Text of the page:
It’s been a year since I started blogging here at Nominet Trust, exploring the research around new technologies particularly in education. There probably hasn’t been a more exciting time in the Nominet Trust year for me as they’ve just announced a new fund with the Education Endowment Foundation – it’ll be great to see what’s funded and what outcomes they achieve. I’m going to use this final blog of the year I’ll sum up what I’ve covered so far and how it’s all related.
In my last post, I said I’d talk a bit more about knowledge mapping. I’m particularly interested in this area because while information retrieval through search engines is rather well supported for individuals engaging in fairly short factual retrieval, longer and collaborative tasks have relatively less tools for their facilitation. So this is an interesting area from an information management perspective in general.
In her recent Nominet Trust blog Annika talked about the ways Nominet Trust is trying to make sense of the information they have on how technology might be used to open up new opportunities. Creating stories, spotting themes, and mapping ideas have been key to this work.
Last blog I talked about Linked Data in relation to OER – linking the OER together. One aspect of this was personalisation – being able to see where gaps in a students learning were, and plugging them dynamically though linked OER.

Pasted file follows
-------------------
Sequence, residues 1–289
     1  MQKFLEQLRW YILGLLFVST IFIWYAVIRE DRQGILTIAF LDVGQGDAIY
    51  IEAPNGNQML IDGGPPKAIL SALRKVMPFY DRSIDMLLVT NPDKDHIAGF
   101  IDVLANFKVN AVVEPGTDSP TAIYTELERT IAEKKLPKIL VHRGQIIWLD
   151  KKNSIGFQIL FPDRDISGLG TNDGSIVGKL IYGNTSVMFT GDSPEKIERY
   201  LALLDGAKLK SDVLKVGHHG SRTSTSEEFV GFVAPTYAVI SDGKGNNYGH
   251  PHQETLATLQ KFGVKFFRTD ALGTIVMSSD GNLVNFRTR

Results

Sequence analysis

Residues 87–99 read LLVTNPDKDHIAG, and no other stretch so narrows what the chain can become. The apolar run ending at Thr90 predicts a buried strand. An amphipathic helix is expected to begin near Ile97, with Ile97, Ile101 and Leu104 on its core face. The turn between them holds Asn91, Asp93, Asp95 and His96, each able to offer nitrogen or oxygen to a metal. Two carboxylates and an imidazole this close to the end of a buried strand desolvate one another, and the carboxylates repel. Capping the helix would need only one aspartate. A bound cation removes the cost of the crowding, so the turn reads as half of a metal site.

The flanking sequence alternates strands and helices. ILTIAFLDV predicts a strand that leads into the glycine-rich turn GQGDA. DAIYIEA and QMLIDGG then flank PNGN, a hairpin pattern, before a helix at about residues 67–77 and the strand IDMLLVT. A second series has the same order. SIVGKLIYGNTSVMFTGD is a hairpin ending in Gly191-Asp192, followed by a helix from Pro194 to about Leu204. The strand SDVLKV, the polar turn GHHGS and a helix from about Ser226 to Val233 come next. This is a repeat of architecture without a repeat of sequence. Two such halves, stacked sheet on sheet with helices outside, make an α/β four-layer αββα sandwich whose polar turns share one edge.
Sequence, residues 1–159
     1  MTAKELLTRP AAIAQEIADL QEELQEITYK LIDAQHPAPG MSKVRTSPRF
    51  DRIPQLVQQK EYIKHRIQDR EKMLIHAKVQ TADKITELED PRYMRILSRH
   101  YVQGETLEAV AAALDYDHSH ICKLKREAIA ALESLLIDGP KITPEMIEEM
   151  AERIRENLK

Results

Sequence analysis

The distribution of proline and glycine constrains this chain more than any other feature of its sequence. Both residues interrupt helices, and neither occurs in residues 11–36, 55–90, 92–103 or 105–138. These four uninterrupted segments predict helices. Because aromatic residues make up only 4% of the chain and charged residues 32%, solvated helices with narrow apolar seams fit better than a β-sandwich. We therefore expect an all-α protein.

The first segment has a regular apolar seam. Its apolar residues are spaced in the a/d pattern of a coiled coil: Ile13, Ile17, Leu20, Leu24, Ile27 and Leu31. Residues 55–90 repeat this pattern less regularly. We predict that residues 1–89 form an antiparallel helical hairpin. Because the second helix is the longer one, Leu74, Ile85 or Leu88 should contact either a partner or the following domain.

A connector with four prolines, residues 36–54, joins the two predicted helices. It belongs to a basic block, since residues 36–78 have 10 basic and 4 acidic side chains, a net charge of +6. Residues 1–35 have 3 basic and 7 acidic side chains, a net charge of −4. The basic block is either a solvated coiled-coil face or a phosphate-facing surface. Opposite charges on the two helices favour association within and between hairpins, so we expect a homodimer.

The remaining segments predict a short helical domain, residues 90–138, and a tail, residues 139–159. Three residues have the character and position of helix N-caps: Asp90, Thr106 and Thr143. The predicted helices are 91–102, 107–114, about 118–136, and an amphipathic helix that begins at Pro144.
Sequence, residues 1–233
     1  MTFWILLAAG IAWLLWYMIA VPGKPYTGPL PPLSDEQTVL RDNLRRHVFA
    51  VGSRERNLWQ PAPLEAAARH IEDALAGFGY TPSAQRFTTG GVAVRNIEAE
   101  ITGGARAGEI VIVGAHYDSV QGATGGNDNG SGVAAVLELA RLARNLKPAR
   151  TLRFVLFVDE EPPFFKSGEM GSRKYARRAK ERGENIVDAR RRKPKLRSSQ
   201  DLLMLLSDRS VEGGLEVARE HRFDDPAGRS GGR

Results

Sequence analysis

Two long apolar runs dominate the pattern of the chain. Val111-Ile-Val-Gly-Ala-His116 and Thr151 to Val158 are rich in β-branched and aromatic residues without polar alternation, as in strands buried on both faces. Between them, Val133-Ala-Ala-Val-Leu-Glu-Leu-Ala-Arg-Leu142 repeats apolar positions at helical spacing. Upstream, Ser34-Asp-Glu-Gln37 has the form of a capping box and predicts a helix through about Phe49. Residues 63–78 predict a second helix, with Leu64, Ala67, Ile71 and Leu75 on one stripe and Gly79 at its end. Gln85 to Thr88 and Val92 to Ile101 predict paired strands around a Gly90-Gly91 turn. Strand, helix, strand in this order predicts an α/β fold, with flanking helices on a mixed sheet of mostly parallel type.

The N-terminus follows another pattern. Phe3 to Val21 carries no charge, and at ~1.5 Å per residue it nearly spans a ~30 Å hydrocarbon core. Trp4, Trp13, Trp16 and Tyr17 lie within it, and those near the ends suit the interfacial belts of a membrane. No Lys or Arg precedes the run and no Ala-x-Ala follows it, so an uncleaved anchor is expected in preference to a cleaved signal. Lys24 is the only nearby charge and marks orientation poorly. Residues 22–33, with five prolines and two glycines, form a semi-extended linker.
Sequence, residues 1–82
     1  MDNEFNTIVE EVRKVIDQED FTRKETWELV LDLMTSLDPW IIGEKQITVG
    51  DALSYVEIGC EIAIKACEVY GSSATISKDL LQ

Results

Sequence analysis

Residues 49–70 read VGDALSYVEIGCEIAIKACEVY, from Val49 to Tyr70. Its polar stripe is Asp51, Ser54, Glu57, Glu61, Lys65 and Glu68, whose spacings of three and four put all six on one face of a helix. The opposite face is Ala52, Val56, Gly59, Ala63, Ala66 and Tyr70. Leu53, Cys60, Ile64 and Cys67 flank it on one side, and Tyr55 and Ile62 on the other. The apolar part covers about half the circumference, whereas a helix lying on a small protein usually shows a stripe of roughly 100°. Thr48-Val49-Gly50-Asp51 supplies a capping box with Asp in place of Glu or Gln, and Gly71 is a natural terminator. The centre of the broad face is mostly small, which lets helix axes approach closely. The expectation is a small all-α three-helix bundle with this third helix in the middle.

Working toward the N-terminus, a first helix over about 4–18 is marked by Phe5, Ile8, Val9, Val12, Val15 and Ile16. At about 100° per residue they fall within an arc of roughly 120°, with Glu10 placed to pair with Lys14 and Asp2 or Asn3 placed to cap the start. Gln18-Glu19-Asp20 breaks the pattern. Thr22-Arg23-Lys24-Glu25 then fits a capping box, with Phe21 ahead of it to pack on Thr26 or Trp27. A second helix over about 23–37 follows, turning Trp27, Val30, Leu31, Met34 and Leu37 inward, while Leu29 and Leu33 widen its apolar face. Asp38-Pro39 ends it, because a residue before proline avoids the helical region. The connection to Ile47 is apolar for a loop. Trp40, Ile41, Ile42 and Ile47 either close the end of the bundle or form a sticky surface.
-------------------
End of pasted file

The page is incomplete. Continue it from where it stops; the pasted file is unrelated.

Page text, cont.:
I’ve mentioned Open Data and Linked Data in my last couple of posts. Brilliantly enough my department does a 'forum meeting' once a quater, and in last week's I heard about a project (which KMi is a partner on) on just this topic!
How do we track the impact of data and documents once we’ve “let it out” into the wild for anyone to use, reuse, reappropriate, and open up for re-downloading? That’s the question I’m looking at this week, and that I’ve been thinking about for the last couple of days.
Over the summer I’ve been working on a project the Open Resource Bank for Interactive Teaching (ORBIT) – an OER wiki hosting Teacher Education resources for Professional Development on interactive pedagogy, particularly using ICT. It’s still a work in progress prior to the project end in September, and to an extent it’ll still be in progress after that (although, to an extent we very much want it to be – it is a wiki after all!), but do give it a look. The site also hosts a few other teacher education Wikis (OER4School
The Open University’s Institute of Educational Technology recently released a fantastic report – “Innovating Pedagogy 2012” (pdf) (Creative Commons licenced too). The report offers 10 innovations with the potential to change education in the short to medium term. It starts with a two page executive summary – so if you don’t read anything else, take a look at that!